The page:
Changing science education, building knowledge
The project represents an important step for science in general and for BGSU in particular, according to Dr. Paul Morris, a professor of biology.
In the initial phase, beginning in January, Xu, Morris and their students will use the Collaborative Genomics Annotation Tool, a bioinformatic platform being developed by Kerfeld and colleagues at the Argonne National Laboratory in Chicago, to begin decoding the first genome, which will also be worked on by the other participating schools. Then, each school will choose a microbe to adopt, Xu said, and the project will expand to other biology faculty, who can incorporate the organism into their courses across the curriculum. Xu has already been working on a special microbial genomics course dedicated to the genome analysis program.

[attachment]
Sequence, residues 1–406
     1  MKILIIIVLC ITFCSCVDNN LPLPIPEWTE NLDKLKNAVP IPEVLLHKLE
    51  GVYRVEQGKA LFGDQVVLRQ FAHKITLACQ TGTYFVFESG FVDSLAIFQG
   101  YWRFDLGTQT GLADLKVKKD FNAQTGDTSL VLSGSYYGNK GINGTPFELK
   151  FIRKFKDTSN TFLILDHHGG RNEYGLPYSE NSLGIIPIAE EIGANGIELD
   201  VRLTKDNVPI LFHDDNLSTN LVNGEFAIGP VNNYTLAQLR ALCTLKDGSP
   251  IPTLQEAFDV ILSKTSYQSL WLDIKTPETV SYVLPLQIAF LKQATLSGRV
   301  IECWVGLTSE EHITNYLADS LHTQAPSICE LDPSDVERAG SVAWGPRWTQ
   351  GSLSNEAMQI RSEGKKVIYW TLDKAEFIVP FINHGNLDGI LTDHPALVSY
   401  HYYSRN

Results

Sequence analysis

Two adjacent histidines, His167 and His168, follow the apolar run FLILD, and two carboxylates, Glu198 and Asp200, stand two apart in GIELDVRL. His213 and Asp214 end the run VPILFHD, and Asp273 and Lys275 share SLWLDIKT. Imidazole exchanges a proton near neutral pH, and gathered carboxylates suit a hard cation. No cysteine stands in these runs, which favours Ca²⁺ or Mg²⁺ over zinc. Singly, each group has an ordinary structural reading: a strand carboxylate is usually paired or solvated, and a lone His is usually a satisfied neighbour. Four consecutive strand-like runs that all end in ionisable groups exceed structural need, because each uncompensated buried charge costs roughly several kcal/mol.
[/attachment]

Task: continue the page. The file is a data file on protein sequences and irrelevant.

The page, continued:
As one of the first participants, BGSU will help develop new models to be disseminated nationally that will help transform life sciences education.
Because the students data will be credited with their names attached, there is considerable accountability involved, the two biologists said. Responsibility for quality control will rest with participating faculty, who will conduct backup checking of data.
The excitement of discovery is powerful, Morris said. Theyll be looking at stuff no one has seen before.
A vast undertaking
The originator of the groundbreaking Human Genome Project, which was later taken over by the National Institutes of Health in the late 1980s, the Department of Energy is the world leader of genomic research of microbes that contribute to enviro
|Contact: Bonnie Blankinship|
Bowling Green State University